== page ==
Valemount residents were treated to a unique perspective of the village and of B.C. history last week. Jay Sherwood, author and historian, presented photos and journal entries detailing northern British Columbia’s past through the eyes of Frank Swannell, one of Canada’s most famous surveyors.
Return to Northern British Columbia: A Photojournal of Frank Swannell is the third, and likely final book in Sherwood’s series. It laid the basis for his presentation at Valemount Secondary School Oct. 21, which focused on Swannell’s work from 1929 to 1939.
As part of his research, Sherwood travelled the same paths as Swannell, taking photos from the same spots as the famous surveyor.
“It’s interesting going back and seeing the areas and re-photographing,” he says.
The presentation began with an open field and a stunning mountain landscape behind it—a black and white photo of Valemount in 1936. Before the village was built up around it, the land was surveyed by Swannell and various other people.
Sherwood’s past as a surveyor, along with his interest in the outdoors and in history, inspired his interest in Frank Swannell. As a school librarian, Sherwood’s research skills came in handy. Each book took roughly three years of work in total, he says, including researching, writing and travelling all around B.C.
“I’ve had the chance to go places I would never go otherwise,” he says.
But, naturally, he couldn’t always do it alone, and for Sherwood, the biggest challenge was making connections.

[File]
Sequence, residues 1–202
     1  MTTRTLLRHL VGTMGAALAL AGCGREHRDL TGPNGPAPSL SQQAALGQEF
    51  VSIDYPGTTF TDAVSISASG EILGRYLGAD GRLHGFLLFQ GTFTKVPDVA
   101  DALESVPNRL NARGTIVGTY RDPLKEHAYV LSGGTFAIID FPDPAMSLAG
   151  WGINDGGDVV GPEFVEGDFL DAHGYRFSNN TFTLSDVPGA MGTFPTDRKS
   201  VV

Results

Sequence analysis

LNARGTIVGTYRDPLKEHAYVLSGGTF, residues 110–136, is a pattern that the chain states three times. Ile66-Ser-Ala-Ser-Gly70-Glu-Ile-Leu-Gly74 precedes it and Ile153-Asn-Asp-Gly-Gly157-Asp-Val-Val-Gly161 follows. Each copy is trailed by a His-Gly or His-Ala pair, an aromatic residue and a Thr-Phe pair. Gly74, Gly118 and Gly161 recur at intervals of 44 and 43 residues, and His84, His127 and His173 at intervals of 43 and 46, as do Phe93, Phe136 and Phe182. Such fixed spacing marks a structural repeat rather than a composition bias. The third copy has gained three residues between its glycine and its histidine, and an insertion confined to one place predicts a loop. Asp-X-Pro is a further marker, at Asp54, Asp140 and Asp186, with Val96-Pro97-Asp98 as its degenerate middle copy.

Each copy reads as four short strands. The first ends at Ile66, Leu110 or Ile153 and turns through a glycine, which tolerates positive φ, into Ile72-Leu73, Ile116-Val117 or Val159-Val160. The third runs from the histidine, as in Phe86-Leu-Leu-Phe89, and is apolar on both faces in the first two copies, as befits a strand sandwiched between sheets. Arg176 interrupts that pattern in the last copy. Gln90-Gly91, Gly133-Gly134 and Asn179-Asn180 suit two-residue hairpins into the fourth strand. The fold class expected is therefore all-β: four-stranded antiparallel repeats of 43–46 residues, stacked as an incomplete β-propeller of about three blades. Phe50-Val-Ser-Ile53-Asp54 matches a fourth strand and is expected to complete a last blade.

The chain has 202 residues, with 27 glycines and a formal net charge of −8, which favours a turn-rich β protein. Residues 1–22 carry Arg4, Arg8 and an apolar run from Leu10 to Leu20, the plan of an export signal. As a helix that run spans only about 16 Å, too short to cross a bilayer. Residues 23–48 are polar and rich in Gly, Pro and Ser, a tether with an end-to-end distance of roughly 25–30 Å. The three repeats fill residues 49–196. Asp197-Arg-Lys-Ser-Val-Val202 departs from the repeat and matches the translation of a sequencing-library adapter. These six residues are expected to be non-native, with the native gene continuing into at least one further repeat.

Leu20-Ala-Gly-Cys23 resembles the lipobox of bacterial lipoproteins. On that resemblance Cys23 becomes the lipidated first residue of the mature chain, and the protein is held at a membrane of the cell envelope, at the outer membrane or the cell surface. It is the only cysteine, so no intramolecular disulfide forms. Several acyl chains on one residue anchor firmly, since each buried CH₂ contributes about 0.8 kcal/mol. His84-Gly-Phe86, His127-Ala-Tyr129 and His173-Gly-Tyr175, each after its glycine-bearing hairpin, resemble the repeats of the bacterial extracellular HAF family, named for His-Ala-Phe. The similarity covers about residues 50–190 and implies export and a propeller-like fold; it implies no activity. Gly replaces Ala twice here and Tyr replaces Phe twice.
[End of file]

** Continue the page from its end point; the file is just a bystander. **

For his most recent book, he was able to meet with a descendent of one of Swannell’s team members, as well as Swannell’s own grandson. Together, they travelled near the Swannell River Valley and the Ingenika River. Along the way, they found evidence of Swannell’s adventures, including surveying pins engraved with his initials.
Valemount resident Penny Courtoreille came to Sherwood’s presentation. She is descended from the Blackman family, some members of which were featured in Sherwood’s presentation. Her grandfather, Bill Blackman, also travelled British Columbia during the 1930s and photos of him were included in the presentation.
Her family was raised on stories of the Bedaux Expedition, a journey from Edmonton to northern B.C., and other projects involving Swannell and the Blackmans, she says. “It’s been talked about always in our family,” says Courtoreille, who incidentally lives on Blackman Road.
What her family didn’t have were many of the photos and journal entries researched and collected by Sherwood.
“It’s sweet because Grandpa passed away when we were really young,” she says, “so any pictures like that are really neat.”
Sherwood says it’s difficult to find people who know about the history of northern B.C. firsthand.
“Sometimes people have the interest but they have no documents at all,” he says. “Sometimes people have these documents sitting in the back corner of some place and they don’t know what they are.”
For people like the Blackman family, he says, being able to connect their own stories with archived journals and photos is a lot of fun. “I made them come. They weren’t really keen on coming,” Courtoreille says of bringing her children along.
In the end, though, she says her daughter found the presentation very interesting. Several other Blackmans also attended the event.
“It was good to see our family come together.”
Sherwood will be making similar presentations around B.C. Much of the material found in his books can also be found through the Royal B.C. Museum’s archives.